Yellen, in answer to Binyamin Appelbaum of the New York Times: "And with respect to inflation -- and our forecast for inflation, and inflation expectations, let me start by saying I think it's important that monetary policy be forward-looking. The lags in monetary policy are long. And therefore the committee has to base its decisions on how to set the federal funds rate looking into the future. Theory is important, and theories that are consistent with historical evidence will be something that governs the thinking of many people around the table. Typically we have seen that as long as inflation expectations are well-anchored, that as the labor market recovers, we'll gradually see upward pressure on both wages and prices. And that inflation will tend to move back toward 2 percent. I think historically we have seen, as the economy strengthens and slack diminishes, that inflation does tend to gradually rise over time. And as long -- you know, I just -- speaking for myself, that I will be looking for evidence that I think strengthens my confidence in that view, and you know, looking at the full range of data that bears on, whether or not that's a reasonable view of how events will unfold. But it's likely to be a decision that's based on forecasts and confidence in the forecast."
No firm metrics. Raising rates is like pornography - we know it is time when we see it.
Question 5: Why is the Fed setting the stage for raising interest rates next year while inflation measures remain below target? What is the risk, exactly, of explicitly committing to a zero interest rate policy until inflation reaches at least your target?
Yellen, in answer to Greg Ip of the Economist: "But it's important to point out that the committee is not anticipating an over-shoot of its 2 percent inflation objective."
From the Fed's perspective, not an interesting question. Theory says monetary policymakers need to move ahead of seeing inflation at target. If inflation was actually at target, they would be behind the curve in this economic environment. Also refer to San Francisco Federal Reserve President John Williams, via the Wall Street Journal:
“There’s no question that core inflation will likely be below 2% when liftoff is appropriate,” Mr. Williams said.
You have to love that statement - only an economist could piece together a sentence with "no question" and "likely" in this context. In short, they have no intention of allowing inflation to drift above 2%. The 2% goal is a ceiling, not a target. They are perfectly happy tolerating modestly below-target inflation as long as unemployment is below 6%. If you thought that any mention of above-target inflation was anything more than an acknowledgement of potential forecast errors, you were wrong. As far as the Fed is concerned, 2% inflation was handed down by God. It's in the Bible. Look it up.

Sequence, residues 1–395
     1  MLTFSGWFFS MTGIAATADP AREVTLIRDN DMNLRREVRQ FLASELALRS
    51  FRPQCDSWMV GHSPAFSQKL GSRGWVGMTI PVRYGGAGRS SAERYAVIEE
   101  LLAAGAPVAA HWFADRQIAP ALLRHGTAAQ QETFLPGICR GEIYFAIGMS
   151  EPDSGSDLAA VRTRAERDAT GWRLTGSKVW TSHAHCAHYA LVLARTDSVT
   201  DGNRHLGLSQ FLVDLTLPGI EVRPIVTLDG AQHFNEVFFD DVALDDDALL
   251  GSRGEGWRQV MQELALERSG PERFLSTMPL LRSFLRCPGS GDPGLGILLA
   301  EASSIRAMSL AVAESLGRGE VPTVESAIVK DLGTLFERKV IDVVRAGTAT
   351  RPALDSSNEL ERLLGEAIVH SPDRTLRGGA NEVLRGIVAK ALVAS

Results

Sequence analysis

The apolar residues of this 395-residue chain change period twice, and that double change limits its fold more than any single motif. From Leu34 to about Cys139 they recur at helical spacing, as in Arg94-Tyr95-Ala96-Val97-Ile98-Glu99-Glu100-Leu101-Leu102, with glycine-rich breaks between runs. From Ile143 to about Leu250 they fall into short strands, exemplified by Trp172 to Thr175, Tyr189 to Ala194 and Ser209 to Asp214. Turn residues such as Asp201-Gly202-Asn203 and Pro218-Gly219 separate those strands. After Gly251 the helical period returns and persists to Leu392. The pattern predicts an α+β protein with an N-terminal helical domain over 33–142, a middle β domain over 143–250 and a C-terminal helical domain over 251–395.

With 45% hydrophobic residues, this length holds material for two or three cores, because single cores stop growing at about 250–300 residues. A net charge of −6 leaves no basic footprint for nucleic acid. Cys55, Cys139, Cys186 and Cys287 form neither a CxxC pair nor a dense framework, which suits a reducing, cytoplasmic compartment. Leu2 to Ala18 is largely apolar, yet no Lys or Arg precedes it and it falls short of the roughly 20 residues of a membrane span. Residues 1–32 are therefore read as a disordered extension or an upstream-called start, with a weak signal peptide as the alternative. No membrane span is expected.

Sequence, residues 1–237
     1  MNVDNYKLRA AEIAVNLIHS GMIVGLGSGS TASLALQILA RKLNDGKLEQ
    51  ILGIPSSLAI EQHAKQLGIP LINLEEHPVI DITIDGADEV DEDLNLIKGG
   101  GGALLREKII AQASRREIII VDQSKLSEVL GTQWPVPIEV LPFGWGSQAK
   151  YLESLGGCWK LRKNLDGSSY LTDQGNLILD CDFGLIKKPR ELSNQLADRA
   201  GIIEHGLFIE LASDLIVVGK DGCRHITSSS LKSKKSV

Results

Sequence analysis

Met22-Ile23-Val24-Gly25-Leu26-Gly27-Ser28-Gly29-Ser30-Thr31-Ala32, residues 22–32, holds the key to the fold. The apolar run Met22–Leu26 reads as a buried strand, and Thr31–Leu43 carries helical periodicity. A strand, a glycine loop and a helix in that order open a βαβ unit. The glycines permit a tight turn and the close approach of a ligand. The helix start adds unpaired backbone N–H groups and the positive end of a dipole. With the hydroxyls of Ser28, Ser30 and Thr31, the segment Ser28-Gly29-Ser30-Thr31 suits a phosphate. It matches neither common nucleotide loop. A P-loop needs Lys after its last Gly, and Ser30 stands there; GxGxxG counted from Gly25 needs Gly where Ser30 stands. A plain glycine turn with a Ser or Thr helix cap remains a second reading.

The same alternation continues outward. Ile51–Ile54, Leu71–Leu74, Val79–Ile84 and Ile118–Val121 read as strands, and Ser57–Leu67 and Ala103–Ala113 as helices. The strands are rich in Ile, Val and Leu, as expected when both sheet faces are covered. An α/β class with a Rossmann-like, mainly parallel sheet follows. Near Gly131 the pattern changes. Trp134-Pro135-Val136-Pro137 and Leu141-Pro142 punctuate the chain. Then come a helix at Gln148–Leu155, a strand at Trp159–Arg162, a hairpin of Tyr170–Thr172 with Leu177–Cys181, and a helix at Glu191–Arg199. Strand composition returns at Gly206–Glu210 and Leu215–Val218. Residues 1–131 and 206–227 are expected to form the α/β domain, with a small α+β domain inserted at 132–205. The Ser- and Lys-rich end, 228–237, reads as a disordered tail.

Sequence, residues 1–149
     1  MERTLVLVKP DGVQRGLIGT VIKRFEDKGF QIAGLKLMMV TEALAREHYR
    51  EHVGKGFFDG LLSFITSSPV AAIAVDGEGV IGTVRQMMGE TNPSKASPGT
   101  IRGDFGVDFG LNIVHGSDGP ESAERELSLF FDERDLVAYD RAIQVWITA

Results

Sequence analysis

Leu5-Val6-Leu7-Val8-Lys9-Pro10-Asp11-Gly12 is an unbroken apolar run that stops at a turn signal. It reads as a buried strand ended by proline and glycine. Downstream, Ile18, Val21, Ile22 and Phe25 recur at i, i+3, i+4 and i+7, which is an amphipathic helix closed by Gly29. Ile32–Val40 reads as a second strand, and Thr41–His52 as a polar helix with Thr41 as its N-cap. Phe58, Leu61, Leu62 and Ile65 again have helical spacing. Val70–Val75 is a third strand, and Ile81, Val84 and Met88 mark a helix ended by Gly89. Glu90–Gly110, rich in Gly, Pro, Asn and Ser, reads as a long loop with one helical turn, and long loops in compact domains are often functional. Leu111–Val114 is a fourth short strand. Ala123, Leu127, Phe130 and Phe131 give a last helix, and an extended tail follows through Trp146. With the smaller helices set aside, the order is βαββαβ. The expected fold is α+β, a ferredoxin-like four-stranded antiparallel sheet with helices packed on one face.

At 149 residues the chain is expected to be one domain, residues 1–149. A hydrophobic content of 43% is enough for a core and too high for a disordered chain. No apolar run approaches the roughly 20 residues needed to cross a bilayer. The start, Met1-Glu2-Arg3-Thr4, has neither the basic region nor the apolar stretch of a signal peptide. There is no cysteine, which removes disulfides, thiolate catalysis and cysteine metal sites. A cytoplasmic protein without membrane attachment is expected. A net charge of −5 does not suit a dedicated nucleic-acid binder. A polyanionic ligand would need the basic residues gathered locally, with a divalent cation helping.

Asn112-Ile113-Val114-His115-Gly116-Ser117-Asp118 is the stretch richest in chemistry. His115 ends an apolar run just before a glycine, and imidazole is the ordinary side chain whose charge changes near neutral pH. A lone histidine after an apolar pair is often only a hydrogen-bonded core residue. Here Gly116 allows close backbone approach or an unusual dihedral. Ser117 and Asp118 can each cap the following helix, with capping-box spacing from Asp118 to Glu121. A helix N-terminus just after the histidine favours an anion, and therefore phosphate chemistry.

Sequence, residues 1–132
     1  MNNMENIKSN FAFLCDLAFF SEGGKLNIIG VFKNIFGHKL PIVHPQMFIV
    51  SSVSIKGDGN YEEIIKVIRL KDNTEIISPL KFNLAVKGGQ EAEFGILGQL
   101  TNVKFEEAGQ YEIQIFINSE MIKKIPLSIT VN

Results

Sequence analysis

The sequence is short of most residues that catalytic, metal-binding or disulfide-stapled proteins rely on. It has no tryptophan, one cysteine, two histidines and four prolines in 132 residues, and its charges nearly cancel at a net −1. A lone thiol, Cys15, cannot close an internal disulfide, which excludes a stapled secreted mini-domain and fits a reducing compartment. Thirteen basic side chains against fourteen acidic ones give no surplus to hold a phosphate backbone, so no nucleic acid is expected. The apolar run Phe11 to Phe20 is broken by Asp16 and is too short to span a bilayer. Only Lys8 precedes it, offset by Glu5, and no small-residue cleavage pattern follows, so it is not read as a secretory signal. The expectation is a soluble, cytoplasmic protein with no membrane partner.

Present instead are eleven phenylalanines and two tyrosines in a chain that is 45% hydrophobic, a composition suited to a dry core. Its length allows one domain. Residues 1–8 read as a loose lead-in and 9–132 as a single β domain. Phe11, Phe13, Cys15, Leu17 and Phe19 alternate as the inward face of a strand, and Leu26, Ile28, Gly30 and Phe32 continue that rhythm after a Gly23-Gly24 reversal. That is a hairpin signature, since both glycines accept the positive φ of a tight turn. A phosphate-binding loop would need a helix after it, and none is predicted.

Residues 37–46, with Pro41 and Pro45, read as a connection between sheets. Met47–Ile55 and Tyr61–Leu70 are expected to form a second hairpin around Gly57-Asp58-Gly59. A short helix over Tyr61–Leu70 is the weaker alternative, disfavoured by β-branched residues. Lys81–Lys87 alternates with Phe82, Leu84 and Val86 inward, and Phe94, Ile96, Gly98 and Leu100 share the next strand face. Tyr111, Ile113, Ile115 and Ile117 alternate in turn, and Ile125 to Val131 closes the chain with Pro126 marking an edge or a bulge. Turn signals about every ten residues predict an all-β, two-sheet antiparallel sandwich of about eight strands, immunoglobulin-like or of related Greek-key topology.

Question 6: High yield debt markets are currently under pressure from the decline in oil prices. Are you confident that macroprudential tools are sufficient to contain the damage to energy-related debt? If the damage cannot be contained and contagion to other markets spreads, what does this tell you about the ability to use low interest rate policy without engendering dangerous financial instabilities?
Yellen, in answer to Greg Robb of MarketWatch: "So I mean there is some--you're talking about in the United States exposure? I mean we have seen some impacts of lower oil prices on the spreads for high-yield bonds, where there's exposure to oil companies that may see distress or a decline in their earnings, and we have seen some increase in spreads on high-yield bonds more generally. I think for the banking system as a whole the exposure to oil, I'm not aware of significant issues there. This is the kind of thing that is part of risk management for banking organizations and the kind of thing they look at in stress tests. But the movements in oil prices have been very large, and undoubtedly unexpected.
We--in terms of leverage, and whether or not levered entities could be badly effected by movements in oil prices, leverage in the financial system in general is way down from the levels before the crisis. So it's not a major concern that there are levered entities that would be badly affected by this, but we'll have to watch carefully. There have been large and unexpected movements in oil prices."
I honestly think that Yellen was surprised the rest of us were worried about this. Don't worry, be happy -high yield energy debt problems are contained.
Bottom Line: Final result is data dependent, but nothing at the moment is dissuading the Fed from their intention to hike rates in the middle of 2015.